In related, but slightly different news, I watched Three Billboards Outside Ebbing, Missouri the other day. It was fabulous and there's a review here for those that want it. When I came back from the cinema, I googled to see what other people thought, to check if they agreed with me. (It's fine. They did.) But I also stumbled across a couple of articles about the lead actress, Frances McDormand. Happily, they were wholly positive in tone and referred to her recent Golden Globe win where she chose not to wear make-up for the awards ceremony. On the one hand, oh for the day when this isn't noted. But on the other, hurrah for Frances McDormand not giving a shit, and making choices that worked for her. She looked ace, by the way. Her face did all the acting in Three Billboards so I get why she wouldn't want to mask it with feature-altering coloured-grease. Plus she won! Her face was chock-full of expression and emotion. And her speech was witty, meaningful and sincere. Inspirational and aspirational in equal measure. Yet for all that marvellousness, this morning I spent twenty-five minutes applying make-up to my face, for a day spent largely alone at home. 

And this is just the everyday
stuff. You want to see me go
to town in a Sephora.
It's back to the internal struggle again. Do I wear make-up because society tells me I should? Is this really my choice? Do I want to waste twenty-five minutes of my day this way? I'll be honest, this one feels less of a struggle than the leg-shaving question. I've realised as I've got older that I actually quite like make-up. It's fun. It makes my eyes look bigger. I find the process relaxing and creative. I enjoy its application as well as its result. I didn't have to put any on today. No one forced me. It isn't a job requirement. It was a pleasurable experience. And on Sunday when it's my have-a-shower-then-put-on-clean-pyjamas-and-watch-Netflix day, I'll be barefaced and choosing that look just as much. I love that I get to choose, just as much as I love that Francis McDormand got to choose how she looked for her Golden Globe win. At the Cheltenham Literary festival of 2011, Caitlin Moran said that we'll know when feminism has worked, when a woman accepts a Best Actress Oscar in flat shoes*. I have no idea what shoes Frances McDormand wore to the Golden Globes, nor do I care as long as she was happy with them, but I'd bet money they were her choice and not the urgings of a bossy stylist, pushing this season's latest impractical offerings.

Classic Bond - late 90s to late 00s. 
So far I've (over) shared that I shave my legs and plaster on the slap. I choose to do things that, on first glance, look like I'm supporting the patriarchy, even though exercising the right to choose what I do, is enough. But when it comes to shoes, I am a million miles away from the patriarchal construct of high heels. (Although the appearance of longer, slimmer legs and a higher arse is something I could probably manage to accommodate, if pushed.) Regardless, I am so over heels. I'm currently on the look out for what to wear for my 40th birthday and it's going to be flat shoes all the way. I want to be able to walk, stand up all night, even dance if I get pissed enough. I do not want to be up on tip toes, carefully and deliberately placing one foot in front of the other, feeling the creak in my knees, worrying about the heel skidding from under me on a shiny floor, and taking twice as long to walk to the loo than I should. I don't want to feel the aching after-effects in my back for the rest of the week, I don't want to waste silly money on something I'll kick off after twenty minutes, and I don't want to fall arse over tit. Reader, I am no stranger to any of these experiences. I'm done with them. No more.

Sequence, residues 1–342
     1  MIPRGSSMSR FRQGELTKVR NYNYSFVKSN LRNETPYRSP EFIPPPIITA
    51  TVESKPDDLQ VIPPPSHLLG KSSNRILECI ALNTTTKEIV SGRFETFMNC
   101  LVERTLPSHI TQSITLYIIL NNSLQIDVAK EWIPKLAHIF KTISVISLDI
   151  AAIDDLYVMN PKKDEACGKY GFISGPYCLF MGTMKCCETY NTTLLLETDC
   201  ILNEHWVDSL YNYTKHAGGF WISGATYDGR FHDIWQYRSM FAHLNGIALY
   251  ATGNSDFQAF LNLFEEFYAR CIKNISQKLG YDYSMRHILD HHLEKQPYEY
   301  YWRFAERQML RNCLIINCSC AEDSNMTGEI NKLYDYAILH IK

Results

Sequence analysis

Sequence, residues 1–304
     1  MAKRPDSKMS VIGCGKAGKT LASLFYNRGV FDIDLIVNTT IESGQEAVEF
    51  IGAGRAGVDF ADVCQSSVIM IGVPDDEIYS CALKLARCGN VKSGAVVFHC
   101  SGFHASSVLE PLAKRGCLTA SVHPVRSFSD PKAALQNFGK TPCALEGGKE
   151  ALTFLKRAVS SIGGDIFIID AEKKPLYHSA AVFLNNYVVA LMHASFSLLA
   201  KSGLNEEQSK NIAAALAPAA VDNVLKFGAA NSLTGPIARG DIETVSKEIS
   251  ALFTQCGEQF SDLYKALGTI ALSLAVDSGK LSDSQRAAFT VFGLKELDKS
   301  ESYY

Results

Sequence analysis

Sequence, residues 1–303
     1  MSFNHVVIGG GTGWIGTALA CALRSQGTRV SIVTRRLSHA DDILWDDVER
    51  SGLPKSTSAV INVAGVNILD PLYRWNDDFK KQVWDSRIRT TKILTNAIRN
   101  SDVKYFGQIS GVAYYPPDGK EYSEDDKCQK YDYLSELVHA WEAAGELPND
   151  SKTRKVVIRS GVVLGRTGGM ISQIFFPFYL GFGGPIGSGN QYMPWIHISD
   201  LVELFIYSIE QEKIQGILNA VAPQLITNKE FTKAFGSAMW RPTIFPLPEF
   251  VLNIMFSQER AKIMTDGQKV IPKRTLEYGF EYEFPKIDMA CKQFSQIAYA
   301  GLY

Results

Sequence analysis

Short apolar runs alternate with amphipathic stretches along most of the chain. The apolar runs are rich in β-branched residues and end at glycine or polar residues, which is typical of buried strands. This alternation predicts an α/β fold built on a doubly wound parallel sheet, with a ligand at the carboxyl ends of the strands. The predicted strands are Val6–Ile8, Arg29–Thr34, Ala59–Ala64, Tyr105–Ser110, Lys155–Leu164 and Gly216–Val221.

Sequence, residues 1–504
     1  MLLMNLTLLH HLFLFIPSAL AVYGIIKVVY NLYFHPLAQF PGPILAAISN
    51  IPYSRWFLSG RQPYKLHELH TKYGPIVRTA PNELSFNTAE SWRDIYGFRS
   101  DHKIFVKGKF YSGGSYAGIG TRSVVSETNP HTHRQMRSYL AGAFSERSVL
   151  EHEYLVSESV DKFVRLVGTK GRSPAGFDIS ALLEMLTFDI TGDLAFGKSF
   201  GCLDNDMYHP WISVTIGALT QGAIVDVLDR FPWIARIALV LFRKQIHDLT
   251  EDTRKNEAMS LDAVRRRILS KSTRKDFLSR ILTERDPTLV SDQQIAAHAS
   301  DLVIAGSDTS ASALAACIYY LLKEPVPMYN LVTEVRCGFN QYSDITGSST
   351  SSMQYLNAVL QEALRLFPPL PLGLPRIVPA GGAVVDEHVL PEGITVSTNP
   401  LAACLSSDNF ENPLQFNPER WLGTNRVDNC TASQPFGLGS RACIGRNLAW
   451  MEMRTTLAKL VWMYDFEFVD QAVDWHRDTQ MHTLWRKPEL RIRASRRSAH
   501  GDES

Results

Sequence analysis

Unfortunately in my quest for the perfect pair of flats, I've purchased four that aren't quite right. They are very nice (and obviously I'll be keeping them) but they're not what I want for the event in question. By the time March comes, I'll be fully stocked in walkable, formal shoes for a life time of conscious and knowing feminist choices. 

Have a lovely week, folks.

* That was totally paraphrased. I'm casting my mind back seven years here. However, Caitlin has a whole chapter on fashion in How To Be a Woman, and a decent rant on heels. One of my favourite quotes about the topic is on p202.
"The very few who can walk elegantly in them look amazing, of course - walking in heels is a skill as impressive of being able to tightrope walk, or blow smoke rings. I admire them. I wish them well. I wish I could be them. But they are a tiny minority. For everyone else - the vast majority - we look as inversely elegant as we think we will when we purchase them. We waddle, we go over on our ankles, we can't dance, and we wince incessantly, whilst hissing, 'These SODDING shoes. My feet are killing me."
I hear you, Caitlin. I really hear you.